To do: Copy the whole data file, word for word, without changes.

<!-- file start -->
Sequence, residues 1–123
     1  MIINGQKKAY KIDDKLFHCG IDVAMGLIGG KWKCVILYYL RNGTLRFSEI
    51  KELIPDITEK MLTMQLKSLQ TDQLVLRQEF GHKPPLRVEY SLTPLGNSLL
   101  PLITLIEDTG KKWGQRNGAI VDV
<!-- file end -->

Sequence, residues 1–123
     1  MIINGQKKAY KIDDKLFHCG IDVAMGLIGG KWKCVILYYL RNGTLRFSEI
    51  KELIPDITEK MLTMQLKSLQ TDQLVLRQEF GHKPPLRVEY SLTPLGNSLL
   101  PLITLIEDTG KKWGQRNGAI VDV